For athletes as naturally blessed as the North Carolina Tar Heels' small forward, J.P. Tokoto, the game comes easily. But being gifted only gets one so far in life and on the hardwood—especially playing for a legendary program like UNC.
That's something his loving parents, Trevor and Laurence Trimble, have always understood. It's a message they continually deliver to their son to this day, making sure he stays grounded as a player, teammate and human being.
Tokoto is in his sophomore season at North Carolina, and has been an integral part of the Tar Heels' magical turnaround from a bottom-of-the-barrel, 1-4 ACC team, to a true force in the conference. The Tar Heels have won 11 straight games since that disappointing start to conference play—the longest winning streak by a UNC squad since 2008-09.
But as magnificent as he is on the court, Tokoto's first love wasn't basketball.
J.P. was named after his grandfather, Jean-Pierre Tokoto, who played professional soccer overseas and in the states. J.P. followed in the footsteps of his grandfather, a heavy influence in his life, by playing soccer through the seventh grade.
His mother, Laurence, would travel from Wisconsin to drop him off at his grandparents' house in Chicago where he would play for the soccer team his grandfather coached over the weekends.
“He has a good feel for the court in basketball,” Laurence said, comparing his gifts on the court to those on the soccer field, playing for his grandfather. “He was the same way on the soccer field. He could see the whole field. He was pretty awesome.”
But midfield duties were never set in stone for young Tokoto.
“It just depended on where Dad needed him,” Laurence continued. “He even had J.P. playing goalie because nobody could score on him, he was so long.”
But after a while, the mileage exhausted Laurence. Fortunately for her, J.P was already courting a new love.
Wisconsin, after all, is more of a basketball state, which influenced Tokoto. After playing both sports in seventh grade, he decided to move on from soccer and get serious with basketball. And while it was disappointing for Jean-Pierre to learn his grandson had chosen another path, he wanted what was best for Tokoto.
“My dad had been expecting it because J.P. was so much longer than other kids his age,” Laurence explained. “My dad knew it was coming. He was disappointed, but at the same time he was happy because he knew that's what J.P. wanted.”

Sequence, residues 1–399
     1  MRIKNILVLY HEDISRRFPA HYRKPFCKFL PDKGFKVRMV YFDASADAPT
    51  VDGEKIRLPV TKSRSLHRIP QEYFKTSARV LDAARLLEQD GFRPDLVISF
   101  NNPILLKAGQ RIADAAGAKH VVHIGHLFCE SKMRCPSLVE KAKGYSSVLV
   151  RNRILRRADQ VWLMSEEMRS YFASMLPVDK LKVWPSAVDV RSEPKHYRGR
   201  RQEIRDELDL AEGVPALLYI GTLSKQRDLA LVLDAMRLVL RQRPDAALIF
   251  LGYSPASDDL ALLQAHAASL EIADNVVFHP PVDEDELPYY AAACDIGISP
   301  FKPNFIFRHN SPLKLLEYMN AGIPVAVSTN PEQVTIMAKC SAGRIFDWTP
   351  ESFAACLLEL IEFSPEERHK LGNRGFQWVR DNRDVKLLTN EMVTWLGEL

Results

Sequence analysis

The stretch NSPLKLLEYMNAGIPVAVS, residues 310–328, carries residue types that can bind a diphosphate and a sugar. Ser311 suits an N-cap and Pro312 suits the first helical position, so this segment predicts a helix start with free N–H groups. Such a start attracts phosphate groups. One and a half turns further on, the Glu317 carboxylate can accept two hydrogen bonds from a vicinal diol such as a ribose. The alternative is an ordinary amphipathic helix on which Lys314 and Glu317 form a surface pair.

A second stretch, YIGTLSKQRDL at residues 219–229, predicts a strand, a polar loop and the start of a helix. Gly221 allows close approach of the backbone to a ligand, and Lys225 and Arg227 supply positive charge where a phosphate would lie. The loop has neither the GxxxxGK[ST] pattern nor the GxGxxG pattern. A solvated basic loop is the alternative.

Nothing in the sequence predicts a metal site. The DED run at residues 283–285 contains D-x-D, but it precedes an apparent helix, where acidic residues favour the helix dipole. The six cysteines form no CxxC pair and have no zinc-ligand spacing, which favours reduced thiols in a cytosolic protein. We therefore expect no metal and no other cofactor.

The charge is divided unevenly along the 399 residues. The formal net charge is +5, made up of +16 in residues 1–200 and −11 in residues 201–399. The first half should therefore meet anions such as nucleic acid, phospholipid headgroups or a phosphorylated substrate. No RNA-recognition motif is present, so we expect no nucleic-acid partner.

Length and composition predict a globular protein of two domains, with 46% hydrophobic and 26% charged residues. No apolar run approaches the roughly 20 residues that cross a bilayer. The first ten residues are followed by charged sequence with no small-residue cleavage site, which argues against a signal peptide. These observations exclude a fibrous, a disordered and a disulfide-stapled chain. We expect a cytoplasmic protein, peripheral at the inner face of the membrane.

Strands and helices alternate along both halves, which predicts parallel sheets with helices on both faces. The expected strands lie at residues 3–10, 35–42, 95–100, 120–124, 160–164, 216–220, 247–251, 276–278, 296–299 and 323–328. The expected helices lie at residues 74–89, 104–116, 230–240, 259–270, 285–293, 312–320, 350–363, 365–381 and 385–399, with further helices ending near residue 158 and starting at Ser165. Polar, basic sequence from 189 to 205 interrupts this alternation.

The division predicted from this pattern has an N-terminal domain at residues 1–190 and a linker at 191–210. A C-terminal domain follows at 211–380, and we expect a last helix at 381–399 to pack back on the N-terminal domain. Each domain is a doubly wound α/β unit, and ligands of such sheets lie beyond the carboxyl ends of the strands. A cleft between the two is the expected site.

So Tokoto tested the waters in the AAU circuit. It wasn't long before college coaches took notice of his natural talent on the hardwood. Before he even played a single high school game, Wisconsin had already offered him a scholarship.
In the summer between his freshman and sophomore year, Tokoto attended a Kansas camp, where head coach Bill Self would later tell Trevor and Laurence he wanted to offer their son a scholarship as well.
As parents, you always want to do what makes your child happy. That doesn't necessarily mean it's the best thing for them. You hope to see a sign—a message—that you are doing what's right for your child.
Tokoto was great at soccer, and he passed that up for something else.
While the message Trevor and Laurence received with the scholarship offers from Wisconsin and Kansas were certainly encouraging, it soon became clear to both of them that Tokoto's decision to play basketball was the right one.
That same summer, during AAU, they met two of the most legendary coaches in the game today—and both were interested in Tokoto.
Trevor didn't know that.
“We ran into Coach Krzyzewski at the hotel we were staying at,” Trevor recalled. “I stopped Coach K and I told him about J.P. It really kind of caught him off-guard because I literally just stopped the man and started telling him about J.P.”
Trevor and Laurence both chuckled.
Trevor didn't care. He was there for his son. It was no time to be shy.
As it turned out, Coach K was running USA basketball at the time, but associate head coach Steve Wojokowski was there to watch Tokoto play.
You could hear the excitement in Trevor's voice as he recalled the events of that day.